Jason Haberman is Mt. Lebanon’s new chief of police. He served as acting chief following Chief Aaron Lauth’s retirement in May, 2022, and was confirmed in the position by the Mt. Lebanon Commission in January.
Haberman has more than 25 years of law enforcement experience, beginning as a seasonal patrolman in Hanover Township, becoming a part-time and later full-time officer with the Edgewood Police Department, serving a stint with the Wilkinsburg Police Department followed by 14 years with the Port Authority of Allegheny County (now Pittsburgh Regional Transit) Police Department, before joining Mt. Lebanon as deputy chief in 2018. He also served as an EMT and firefighter with the Bower Hill Volunteer Fire Department.
As acting chief, Haberman took the lead in securing the department’s accreditation with the Pennsylvania Chiefs of Police Association. He spoke with Mt. Lebanon Magazine following his selection.
What made you choose a career in law enforcement?
As far as I can remember, law enforcement’s always been a calling for me. I was an Eagle Scout, and I feel like my moral compass had always pointed north, and I saw a career in law enforcement as a natural extension. I knew from an early age that I wanted to be in this profession.
How did you prepare for this job?
All of my experiences have shaped me for this role. I’ve never felt more prepared for anything.
Throughout my career, I’ve always looked for every opportunity to experience different things, to make my background more diverse. I was on a narcotics task force when I was with Wilkinsburg, got a lot of experience with narcotics and with violent crime. When I was with the Port Authority, I spent six years on a joint FBI task force that dealt with international terrorism. When Pittsburgh hosted the G20 summit in 2009, I was a mobile field force commander, coordinating transit officers and Department of Homeland Security personnel. We spent five months planning for the summit, and I cemented relationships with other departments and organizations that are still valuable.
I can’t emphasize enough how valuable those types of relationships are. In January, we sent officers to patrol Brackenridge and that area for a couple of weeks in the aftermath of the unfortunate line-of-duty death of their chief, to give their officers time to regroup.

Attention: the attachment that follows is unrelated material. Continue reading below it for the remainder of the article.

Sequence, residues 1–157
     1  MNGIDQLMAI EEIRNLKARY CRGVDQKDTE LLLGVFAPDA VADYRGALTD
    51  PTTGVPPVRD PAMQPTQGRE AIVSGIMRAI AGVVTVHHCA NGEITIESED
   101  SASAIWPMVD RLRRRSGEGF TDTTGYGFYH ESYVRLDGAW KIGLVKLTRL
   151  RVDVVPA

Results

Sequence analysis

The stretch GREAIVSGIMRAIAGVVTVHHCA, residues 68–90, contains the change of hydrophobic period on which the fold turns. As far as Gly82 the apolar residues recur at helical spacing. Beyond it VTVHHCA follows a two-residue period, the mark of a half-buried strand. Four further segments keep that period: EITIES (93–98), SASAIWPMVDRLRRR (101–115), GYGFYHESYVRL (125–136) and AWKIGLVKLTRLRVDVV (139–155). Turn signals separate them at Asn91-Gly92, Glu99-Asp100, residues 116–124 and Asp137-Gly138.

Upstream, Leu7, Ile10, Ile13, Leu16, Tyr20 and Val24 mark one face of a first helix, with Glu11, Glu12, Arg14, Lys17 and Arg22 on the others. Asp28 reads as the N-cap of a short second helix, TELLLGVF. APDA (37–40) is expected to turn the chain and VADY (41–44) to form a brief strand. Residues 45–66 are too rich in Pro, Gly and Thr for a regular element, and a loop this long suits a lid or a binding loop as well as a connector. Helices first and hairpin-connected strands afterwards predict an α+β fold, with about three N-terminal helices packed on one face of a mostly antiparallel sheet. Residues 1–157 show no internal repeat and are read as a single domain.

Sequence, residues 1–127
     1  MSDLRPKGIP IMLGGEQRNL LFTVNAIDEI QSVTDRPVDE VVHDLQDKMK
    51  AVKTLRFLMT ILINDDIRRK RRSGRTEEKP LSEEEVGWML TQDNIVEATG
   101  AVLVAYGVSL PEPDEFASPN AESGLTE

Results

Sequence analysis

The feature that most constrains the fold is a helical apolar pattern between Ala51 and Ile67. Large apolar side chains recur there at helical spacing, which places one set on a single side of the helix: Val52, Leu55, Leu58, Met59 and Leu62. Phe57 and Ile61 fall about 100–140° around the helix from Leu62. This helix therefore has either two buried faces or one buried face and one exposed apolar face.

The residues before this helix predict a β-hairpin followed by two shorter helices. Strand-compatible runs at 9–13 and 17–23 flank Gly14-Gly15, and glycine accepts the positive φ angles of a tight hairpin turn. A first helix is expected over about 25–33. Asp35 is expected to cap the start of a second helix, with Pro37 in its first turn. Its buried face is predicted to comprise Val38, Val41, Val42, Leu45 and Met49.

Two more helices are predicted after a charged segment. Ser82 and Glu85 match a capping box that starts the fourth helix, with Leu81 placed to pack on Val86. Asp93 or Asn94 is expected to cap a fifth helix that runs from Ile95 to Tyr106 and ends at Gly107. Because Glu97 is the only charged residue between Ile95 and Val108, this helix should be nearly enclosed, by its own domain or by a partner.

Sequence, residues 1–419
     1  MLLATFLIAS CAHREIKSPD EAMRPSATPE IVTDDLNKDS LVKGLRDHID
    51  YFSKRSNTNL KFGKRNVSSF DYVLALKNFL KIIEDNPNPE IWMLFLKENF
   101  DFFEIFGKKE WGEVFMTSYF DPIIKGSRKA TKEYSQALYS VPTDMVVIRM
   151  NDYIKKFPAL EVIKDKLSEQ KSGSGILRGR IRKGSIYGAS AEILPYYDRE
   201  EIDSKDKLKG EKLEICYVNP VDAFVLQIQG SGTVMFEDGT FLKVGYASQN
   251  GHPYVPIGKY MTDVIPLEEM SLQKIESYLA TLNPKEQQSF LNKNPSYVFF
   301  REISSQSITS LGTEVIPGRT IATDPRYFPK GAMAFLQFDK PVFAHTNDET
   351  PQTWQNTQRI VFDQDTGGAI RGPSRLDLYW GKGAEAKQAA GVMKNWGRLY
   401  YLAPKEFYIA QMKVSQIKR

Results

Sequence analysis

What are the challenges you see in policing in the next decade?
I think the next era of policing is going to be very challenging, but it will be exciting to be a part of it. We have some great mentors here in the department. This is an opportune time for people to enter the profession, and usher in a new era. The challenge for us will be to show (prospective recruits) that it is a rewarding profession, while at the same time recognizing that the job is changing rapidly. We’re always going to need people to hold the line.
What are some of your top priorities?
The best quote I ever heard about leadership is, “The greatest privilege is to serve those who serve.”
I’ve seen the darker side of law enforcement—I lost a friend to suicide, and have seen some others die young. At Wilkinsburg, I was laid off for economic reasons, so I recognize fiscal responsibility and I’m aware of the effects layoffs have on employees and their families. Maintaining mental health is so critical; it makes for a better police officer, and that translates to an increased level of service.
Transparency and community engagement is another priority. As a lieutenant with the Port Authority, I worked with the Department of Justice and the U.S. Attorney’s Office, as we were tasked with working with young people following a high-profile shooting.
Here, we brought back the Coffee With a Cop program, and we started the Rock the Block public safety block parties, where residents could engage with police officers and other first responders in a fun and relaxed environment.
I want us to continue to engage with the community, identify what the community’s needs are and establish a social contract with the community.